Major League Baseball was founded in 1903, which is surprisingly the same year that the Orville brothers flew the first aircraft.
Baseball is a game rich with many traditions and rituals. One of those traditions is the opening pitch, often done by notable figures in society. The opening pitch has been thrown by celebrities as big as presidents, and as small as Simone Biles. Another notable part of baseball’s culture is the songs, all of which have a long running history. They include “The Star-Spangled Banner,” “Take Me Out To the Ballgame,” “Sweet Caroline,” Iggy Azela’s “Kream,” and “Mo Bamba.”
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The best way to describe a game is by it’s players, so here are a few notable baseball players from throughout history:
Another beloved tradition is the mascot race, with which I take issue. Essentially, these mascots, who are underpaid and overworked, are forced to sprint in the hot sun and race for the amusement of their rich owners and insatiable fans. And for what? Are we no better than the creators of Squid Games? I propose that the mascots unionize, but I digress.
Each baseball is rubbed with a special kind of mud before each game. This mud, called Lena Blackburne Baseball Rubbing Mud, is actually one of the major ingredients in Gwyneth Paltrow’s new line of “Goop” beauty products called “Field of Dreams.” The Louisville Slugger is one of the most popular baseball brands today. This is opposed to the California Slugger, which is a nickname for Chris Brown. Baseball, compared to other sports, is unique in the fact that it’s one of the few sports that you can play while still dressing fashionably. Whether that is a testament to the sport itself is for you to decide, but I have heard that “Golf le Fleur” will be designing the new uniforms for the Dodgers.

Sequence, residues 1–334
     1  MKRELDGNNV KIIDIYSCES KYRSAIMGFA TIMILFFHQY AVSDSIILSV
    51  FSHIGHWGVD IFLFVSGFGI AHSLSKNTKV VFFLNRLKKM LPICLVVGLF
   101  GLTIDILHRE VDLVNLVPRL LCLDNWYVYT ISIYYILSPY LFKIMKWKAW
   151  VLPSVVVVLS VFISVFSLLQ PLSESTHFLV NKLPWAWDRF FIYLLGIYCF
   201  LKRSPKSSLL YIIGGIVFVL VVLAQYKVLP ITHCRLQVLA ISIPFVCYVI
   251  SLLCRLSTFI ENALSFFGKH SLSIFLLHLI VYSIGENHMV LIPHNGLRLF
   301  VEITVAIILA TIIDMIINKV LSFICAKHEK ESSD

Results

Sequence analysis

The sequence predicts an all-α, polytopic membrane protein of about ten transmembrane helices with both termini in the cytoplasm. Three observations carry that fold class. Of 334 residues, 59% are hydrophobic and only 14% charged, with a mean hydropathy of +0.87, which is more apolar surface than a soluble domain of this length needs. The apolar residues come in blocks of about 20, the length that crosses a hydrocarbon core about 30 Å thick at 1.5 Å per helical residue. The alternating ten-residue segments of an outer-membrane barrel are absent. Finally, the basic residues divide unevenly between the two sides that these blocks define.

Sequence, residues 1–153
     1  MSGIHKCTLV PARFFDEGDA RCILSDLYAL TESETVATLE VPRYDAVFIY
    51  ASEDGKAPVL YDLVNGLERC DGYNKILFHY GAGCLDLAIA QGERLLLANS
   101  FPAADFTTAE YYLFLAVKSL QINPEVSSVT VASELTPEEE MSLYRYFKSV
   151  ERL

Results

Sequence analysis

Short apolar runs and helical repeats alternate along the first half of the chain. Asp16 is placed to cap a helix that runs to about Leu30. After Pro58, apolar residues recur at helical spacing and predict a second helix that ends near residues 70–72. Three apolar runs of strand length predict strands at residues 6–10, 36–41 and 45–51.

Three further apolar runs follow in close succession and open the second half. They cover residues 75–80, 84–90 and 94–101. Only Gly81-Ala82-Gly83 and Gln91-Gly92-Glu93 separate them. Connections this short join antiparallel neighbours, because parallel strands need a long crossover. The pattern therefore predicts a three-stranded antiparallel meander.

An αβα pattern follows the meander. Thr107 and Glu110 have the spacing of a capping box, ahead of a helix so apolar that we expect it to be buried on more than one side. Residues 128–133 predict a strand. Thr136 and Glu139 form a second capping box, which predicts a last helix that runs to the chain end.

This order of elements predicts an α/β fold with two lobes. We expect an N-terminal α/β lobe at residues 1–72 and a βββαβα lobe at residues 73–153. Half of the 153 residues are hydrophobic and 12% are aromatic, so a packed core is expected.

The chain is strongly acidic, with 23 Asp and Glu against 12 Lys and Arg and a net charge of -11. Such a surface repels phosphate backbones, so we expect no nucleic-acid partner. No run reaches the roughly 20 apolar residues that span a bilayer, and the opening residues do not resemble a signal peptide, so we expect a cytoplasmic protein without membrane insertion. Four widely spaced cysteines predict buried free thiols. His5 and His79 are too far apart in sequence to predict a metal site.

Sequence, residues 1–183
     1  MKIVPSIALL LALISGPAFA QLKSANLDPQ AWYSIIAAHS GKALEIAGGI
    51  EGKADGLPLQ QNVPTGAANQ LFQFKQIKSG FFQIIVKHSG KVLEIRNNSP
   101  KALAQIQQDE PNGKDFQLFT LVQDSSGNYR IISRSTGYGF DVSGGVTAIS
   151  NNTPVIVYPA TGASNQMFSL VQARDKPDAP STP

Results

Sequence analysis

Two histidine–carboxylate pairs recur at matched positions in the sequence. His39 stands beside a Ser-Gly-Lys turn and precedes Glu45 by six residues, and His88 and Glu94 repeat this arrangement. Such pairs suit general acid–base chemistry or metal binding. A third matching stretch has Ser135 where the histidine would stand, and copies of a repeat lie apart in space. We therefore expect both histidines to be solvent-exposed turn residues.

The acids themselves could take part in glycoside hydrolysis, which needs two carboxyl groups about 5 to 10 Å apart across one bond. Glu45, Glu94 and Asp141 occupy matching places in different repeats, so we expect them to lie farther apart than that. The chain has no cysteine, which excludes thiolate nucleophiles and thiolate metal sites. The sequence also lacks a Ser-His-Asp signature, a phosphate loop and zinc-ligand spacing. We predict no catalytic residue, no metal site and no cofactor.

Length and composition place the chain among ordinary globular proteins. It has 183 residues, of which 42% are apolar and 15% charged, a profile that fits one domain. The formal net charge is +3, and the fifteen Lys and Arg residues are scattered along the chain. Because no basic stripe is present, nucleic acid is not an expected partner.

Lou Gherig, a player in the 1930s is known as one of the best first baseman in history. He also was a great player. Jackie Robinson was the first player to ever be good at baseball. Babe Ruth is best known for being an influential candy salesman, creating “Baby Ruth” candy bars. Roger Clemens is known best for constantly out-pitching batters who, during his career, were often found to be on steroids. His secret? Steroids. Nolan Ryan is known as a “strikeout champion” for his impressive record. For unrelated reasons, “strikeout champion” was what they called me in highschool. Alex Rodriguez has the nickname “A-Rod,” was on steroids, and dated Jennifer Lopez, so he’s pretty much a chad all around. Ben Affleck isn’t a baseball player, but has also dated Jennifer Lopez and is a fan of baseball. And there you have it, everything one can possibly know about baseball, ever. Consider yourself a professional.